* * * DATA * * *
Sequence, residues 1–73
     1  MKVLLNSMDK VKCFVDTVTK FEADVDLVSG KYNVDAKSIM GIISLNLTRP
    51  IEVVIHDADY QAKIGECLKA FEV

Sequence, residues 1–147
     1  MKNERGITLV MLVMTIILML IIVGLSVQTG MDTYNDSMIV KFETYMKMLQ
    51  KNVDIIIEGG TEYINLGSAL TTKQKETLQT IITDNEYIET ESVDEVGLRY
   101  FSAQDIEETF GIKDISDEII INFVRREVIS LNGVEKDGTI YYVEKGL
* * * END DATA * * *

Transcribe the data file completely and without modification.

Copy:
Sequence, residues 1–73
     1  MKVLLNSMDK VKCFVDTVTK FEADVDLVSG KYNVDAKSIM GIISLNLTRP
    51  IEVVIHDADY QAKIGECLKA FEV

Sequence, residues 1–147
     1  MKNERGITLV MLVMTIILML IIVGLSVQTG MDTYNDSMIV KFETYMKMLQ
    51  KNVDIIIEGG TEYINLGSAL TTKQKETLQT IITDNEYIET ESVDEVGLRY
   101  FSAQDIEETF GIKDISDEII INFVRREVIS LNGVEKDGTI YYVEKGL